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The Three Burials Of Melquiades Estrada

Few things are held more sacred than how a corpse gets treated, because it speaks to how much a life was acknowledged and valued by those in possession of the body. The first two burials of Melquiades Estrada, an illegal Mexican immigrant shot down in a Texas border town, are born of the indifference that greets the fate of many whose status makes them invisible. The third ends a long journey toward redemption, though it follows a few more indignities along the way. Tommy Lee Jones' sober anti-Western The Three Burials Of Melquiades Estrada takes the form of a genre movie that might have taken place in the Old West, telling the story of a gruff old cowboy driven by loyalty to a ranch-hand compadre. Yet the film takes place in the present day, as overzealous border patrols include citizen groups like the Minutemen Project and illegals are viewed as somehow less than human. Jones' confident debut feature works hard to restore a sliver of dignity to Estrada and the people he represents, even though his body takes more abuse than it would in a Weekend At Bernie's movie.


Written by Guillermo Arriaga, who specializes in achronological puzzle pictures like Amores Perros and 21 Grams, the story is told in four chapters scrambled by a few hitches in time. Julio Cedillo plays the title character, a poor, humble Mexican laborer whose shots at a coyote are mistaken for hostile fire by border patrolman Barry Pepper. Though new to the job, Pepper has already drawn some negative attention for his abusive tactics, so his immediate response is to cover up the ensuing crime. When the authorities discover Cedillo's body, all signs point to Pepper's involvement, but the local police chief (Dwight Yoakam) and his men choose to close rank rather than stir up trouble over a "wetback." This development angers Cedillo's foreman Jones, who decides to dish out his own brand of justice while making good on his friend's request to be buried near his family in Mexico. So he kidnaps Pepper and the two make their way south on horseback, with the authorities hot on their trail.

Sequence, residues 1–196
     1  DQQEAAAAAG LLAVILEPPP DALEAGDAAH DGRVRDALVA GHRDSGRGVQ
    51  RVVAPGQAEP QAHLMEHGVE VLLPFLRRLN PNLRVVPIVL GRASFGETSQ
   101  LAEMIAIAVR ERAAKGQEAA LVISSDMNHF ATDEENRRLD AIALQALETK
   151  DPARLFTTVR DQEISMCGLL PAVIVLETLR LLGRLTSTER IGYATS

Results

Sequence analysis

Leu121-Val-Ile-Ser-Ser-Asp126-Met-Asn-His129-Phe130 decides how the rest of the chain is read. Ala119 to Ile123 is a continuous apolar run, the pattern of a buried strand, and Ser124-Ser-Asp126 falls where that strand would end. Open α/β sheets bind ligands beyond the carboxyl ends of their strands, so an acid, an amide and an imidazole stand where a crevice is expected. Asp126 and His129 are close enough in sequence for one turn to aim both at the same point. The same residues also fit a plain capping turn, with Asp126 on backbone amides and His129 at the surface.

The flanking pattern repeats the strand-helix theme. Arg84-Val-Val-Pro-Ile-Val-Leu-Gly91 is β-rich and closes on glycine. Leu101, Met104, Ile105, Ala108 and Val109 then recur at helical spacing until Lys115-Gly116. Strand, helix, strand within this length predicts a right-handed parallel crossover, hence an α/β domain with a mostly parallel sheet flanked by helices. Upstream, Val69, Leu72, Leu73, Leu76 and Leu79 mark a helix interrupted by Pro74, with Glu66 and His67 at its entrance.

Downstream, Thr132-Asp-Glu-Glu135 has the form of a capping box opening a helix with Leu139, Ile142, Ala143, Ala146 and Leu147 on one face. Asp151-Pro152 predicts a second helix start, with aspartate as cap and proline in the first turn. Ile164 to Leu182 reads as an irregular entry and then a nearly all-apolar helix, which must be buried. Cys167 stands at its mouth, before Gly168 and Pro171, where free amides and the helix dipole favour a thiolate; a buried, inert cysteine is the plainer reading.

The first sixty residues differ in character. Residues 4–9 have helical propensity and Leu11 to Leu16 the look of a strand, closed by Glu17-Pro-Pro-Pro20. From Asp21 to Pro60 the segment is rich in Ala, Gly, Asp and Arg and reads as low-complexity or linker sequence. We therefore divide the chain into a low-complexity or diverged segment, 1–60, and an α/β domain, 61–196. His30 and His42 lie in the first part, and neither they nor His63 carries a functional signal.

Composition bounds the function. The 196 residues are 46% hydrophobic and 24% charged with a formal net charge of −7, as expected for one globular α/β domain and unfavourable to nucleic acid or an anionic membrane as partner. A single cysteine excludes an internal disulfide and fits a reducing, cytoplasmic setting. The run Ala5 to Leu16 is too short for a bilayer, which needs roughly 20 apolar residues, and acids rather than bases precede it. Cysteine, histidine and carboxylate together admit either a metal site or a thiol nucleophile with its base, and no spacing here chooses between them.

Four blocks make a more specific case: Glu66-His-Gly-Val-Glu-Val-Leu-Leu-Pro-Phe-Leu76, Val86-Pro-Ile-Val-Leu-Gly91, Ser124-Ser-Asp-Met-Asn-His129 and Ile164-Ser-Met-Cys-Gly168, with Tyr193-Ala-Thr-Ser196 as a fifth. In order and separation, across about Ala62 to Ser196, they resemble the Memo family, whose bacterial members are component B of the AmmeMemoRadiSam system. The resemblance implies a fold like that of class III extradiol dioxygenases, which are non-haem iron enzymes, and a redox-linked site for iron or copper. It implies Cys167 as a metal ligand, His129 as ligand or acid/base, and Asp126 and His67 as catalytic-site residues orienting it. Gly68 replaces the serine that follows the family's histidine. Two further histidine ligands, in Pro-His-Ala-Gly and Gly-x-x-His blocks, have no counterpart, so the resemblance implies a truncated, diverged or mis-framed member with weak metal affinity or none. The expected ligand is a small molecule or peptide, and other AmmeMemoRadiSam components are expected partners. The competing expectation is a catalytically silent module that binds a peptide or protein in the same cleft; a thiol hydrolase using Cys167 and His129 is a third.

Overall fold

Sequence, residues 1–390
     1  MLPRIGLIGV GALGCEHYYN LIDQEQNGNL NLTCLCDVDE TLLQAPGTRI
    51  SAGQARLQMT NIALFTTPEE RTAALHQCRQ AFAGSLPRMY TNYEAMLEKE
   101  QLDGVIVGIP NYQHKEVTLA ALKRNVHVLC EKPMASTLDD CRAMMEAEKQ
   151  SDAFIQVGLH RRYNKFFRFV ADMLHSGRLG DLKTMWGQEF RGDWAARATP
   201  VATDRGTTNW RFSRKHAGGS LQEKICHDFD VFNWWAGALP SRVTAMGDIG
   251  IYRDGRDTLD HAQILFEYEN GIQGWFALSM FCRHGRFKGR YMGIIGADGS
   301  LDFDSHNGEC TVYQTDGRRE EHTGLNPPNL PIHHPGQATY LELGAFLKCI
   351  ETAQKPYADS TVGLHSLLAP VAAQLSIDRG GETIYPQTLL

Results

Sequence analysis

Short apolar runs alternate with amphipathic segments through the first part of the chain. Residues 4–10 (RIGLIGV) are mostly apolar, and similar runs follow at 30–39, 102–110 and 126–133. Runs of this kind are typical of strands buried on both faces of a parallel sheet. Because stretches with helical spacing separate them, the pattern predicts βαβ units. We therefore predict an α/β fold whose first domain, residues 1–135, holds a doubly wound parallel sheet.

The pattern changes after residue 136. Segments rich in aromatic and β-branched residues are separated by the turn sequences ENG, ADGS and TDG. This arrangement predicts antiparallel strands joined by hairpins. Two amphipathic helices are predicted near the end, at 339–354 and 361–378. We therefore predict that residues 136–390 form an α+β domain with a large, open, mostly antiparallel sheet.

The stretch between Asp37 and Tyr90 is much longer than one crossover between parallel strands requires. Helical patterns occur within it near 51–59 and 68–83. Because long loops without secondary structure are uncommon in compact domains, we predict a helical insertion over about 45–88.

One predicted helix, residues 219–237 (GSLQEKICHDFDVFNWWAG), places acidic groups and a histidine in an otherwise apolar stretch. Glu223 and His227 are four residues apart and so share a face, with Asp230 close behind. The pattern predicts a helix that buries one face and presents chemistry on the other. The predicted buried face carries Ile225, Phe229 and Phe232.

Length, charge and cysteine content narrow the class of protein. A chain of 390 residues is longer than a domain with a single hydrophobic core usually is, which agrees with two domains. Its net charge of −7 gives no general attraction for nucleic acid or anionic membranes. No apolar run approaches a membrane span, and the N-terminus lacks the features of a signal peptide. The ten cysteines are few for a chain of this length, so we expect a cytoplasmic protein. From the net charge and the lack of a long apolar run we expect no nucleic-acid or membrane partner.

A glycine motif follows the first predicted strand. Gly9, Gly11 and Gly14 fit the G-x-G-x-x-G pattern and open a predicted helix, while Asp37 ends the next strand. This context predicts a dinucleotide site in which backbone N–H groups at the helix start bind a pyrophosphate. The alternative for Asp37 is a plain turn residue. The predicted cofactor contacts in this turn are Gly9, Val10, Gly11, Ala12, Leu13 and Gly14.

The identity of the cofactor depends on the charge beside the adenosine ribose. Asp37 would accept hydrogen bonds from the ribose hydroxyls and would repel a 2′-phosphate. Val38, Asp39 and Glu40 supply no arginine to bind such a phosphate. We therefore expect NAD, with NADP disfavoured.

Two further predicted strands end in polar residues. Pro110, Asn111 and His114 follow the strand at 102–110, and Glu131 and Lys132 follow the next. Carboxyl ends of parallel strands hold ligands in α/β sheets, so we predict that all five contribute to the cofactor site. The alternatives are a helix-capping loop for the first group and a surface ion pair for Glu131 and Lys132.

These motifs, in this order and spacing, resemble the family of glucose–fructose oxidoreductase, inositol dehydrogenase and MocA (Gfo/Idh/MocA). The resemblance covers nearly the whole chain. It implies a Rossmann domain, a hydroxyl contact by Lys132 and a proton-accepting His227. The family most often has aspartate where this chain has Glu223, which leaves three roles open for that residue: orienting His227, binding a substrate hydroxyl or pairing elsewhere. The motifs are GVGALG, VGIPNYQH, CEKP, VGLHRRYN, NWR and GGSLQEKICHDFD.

The premise is simple, but Arriaga packs on an excess of fat: A few characters, like a promiscuous waitress (Melissa Leo) and Pepper's forlorn wife (January Jones), are nicely drawn but superfluous, as is the mixed-up time structure, which is needlessly confusing before it straightens out completely in the second half. And comparisons to Sam Peckinpah are off the mark: Jones directs with all the grit that's associated with his onscreen persona, but Peckinpah would never allow this degree of sentimentality to slip into one of his Westerns. A better comparison might be to Clint Eastwood, another tough-guy actor whose work as a director is often a little soft at the center. Though heavy with gravitas, Melquiades Estrada isn't quite as ambitious as it seems, yet the mere gesture of laying this body to rest justifies much of the sprawl. In an indifferent world, it's touching that anyone would go through the trouble.


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